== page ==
Probable Cause #26: Four Minutes
Pilots have many different phobias when it comes to flying personal airplanes. Some cringe at the thought of flying IFR over mountains, whether in a single or a twin. Others refuse to fly over large bodies of water, choosing to skirt Lake Michigan via the Gary/Chicago/Milwaukee route to Oshkosh each year. No matter which operation curdles your blood, few pilots disagree that an in-flight fire is the most dangerous and feared emergency they can face.
The reasons include pride -- no pilot likes to think he or she can get into a situation from which proper application of technique or a checklist cannot extricate them -- and a visceral reaction to the idea of being burned. The thought of trying to control an airplane while flames erupt around you is not pleasant.
This kind of emergency, especially when fed by the combustibles in an engine compartment, can very quickly have dire consequences. With a 100-plus-knot slipstream helping it, an in-flight fire can quickly burn through a wing spar and fail a wing, or penetrate the cabin firewall and enter the aircraft’s cabin.
Fortunately, in-flight fires are very rare occurrences. However, on December 20, 2002, just such an event brought down a turbocharged Piper Saratoga II into a residential area near Woodbury, Conn. The 1200-hour Commercial pilot and his passenger were fatally injured and the airplane was destroyed. The accident occurred at night in visual conditions during a planned flight from the Rutland State Airport in Rutland, Vt., to the Republic Airport in Farmingdale, N.Y.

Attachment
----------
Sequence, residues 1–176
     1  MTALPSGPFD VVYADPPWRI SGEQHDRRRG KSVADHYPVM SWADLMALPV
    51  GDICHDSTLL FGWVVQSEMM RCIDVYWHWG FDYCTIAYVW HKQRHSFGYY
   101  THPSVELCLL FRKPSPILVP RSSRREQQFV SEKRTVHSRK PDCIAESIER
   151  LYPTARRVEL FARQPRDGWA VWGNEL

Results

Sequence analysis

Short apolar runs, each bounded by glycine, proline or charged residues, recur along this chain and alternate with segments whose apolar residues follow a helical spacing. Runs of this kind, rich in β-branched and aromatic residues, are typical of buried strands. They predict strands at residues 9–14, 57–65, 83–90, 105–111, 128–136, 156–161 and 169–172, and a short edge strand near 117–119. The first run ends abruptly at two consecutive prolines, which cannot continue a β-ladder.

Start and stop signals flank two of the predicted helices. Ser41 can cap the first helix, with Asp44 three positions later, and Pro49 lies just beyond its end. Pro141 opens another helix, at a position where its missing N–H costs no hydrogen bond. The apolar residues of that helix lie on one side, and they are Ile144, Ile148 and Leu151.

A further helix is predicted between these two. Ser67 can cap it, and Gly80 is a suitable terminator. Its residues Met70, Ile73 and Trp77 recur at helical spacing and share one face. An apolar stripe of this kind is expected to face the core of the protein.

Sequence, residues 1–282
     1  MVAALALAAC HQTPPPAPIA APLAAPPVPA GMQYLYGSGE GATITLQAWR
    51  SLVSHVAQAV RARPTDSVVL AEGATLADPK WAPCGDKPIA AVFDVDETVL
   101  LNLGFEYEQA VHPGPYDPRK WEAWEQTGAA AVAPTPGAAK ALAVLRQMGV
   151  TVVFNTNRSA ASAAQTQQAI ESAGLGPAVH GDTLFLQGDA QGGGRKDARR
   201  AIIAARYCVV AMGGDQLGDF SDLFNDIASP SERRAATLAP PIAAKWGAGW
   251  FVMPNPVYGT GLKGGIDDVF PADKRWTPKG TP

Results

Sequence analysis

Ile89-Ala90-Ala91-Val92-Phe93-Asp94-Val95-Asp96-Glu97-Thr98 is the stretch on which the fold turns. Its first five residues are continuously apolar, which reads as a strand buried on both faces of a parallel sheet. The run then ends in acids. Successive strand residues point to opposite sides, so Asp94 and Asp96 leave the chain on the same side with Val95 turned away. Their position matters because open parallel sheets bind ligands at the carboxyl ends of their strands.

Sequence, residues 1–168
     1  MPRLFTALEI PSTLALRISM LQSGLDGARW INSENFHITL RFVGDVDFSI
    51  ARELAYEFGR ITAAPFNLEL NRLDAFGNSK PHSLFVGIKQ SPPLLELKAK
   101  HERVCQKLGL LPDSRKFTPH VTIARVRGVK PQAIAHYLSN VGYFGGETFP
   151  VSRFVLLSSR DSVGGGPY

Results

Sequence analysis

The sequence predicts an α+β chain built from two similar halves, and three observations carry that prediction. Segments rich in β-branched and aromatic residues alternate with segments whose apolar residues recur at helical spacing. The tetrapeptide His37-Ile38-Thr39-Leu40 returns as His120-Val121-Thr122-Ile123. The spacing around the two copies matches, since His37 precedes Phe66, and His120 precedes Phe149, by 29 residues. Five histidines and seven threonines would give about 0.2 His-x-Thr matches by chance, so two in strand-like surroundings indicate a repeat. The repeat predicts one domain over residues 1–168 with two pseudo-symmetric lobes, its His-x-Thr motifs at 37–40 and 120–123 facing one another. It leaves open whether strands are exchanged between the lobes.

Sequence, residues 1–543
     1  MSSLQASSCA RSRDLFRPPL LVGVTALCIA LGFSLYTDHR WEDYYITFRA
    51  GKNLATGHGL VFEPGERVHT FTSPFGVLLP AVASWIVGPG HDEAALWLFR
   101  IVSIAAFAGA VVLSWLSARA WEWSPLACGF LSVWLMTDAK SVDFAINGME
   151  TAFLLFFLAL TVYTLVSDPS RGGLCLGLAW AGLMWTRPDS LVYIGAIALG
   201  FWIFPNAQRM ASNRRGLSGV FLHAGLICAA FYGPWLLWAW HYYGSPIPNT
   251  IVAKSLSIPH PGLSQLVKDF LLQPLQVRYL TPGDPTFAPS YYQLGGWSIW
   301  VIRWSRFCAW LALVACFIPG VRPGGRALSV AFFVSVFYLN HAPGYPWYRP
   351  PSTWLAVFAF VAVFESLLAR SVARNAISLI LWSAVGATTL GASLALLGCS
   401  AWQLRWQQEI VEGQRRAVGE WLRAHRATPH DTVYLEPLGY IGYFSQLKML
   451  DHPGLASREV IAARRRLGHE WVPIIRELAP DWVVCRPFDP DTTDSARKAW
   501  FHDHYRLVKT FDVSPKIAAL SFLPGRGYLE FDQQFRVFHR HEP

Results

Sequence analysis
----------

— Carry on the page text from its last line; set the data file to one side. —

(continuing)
History Of The Flight
The accident airplane had been airborne for about 50 minutes when the pilot contacted the New York TRACON, reporting level at 6500 feet. Less than a minute later, the pilot declared an emergency; there was heavy smoke in the cockpit and an engine fire. The controller immediately directed the airplane to Waterbury-Oxford Airport in Waterbury, Conn. The approach controller then coordinated with the tower controller at Waterbury-Oxford, and reported that the airplane was five miles northwest of the airport, descending out of 5500 feet.
The tower controller stated that he turned up the runway lights and called airport emergency personnel before making visual contact with the airplane, scanning it with binoculars and noting nothing unusual. After other duties drew away his attention from the accident airplane, he again made visual contact with the airplane, which by then appeared to be entering a close-in left downwind for Runway 36 at Woodbury. At this time, he noticed that the airplane was now engulfed in yellow flames originating from around the engine area. The flames dissipated slightly, then the airplane began a steep, final descent. The tower controller never received any radio transmissions from the airplane.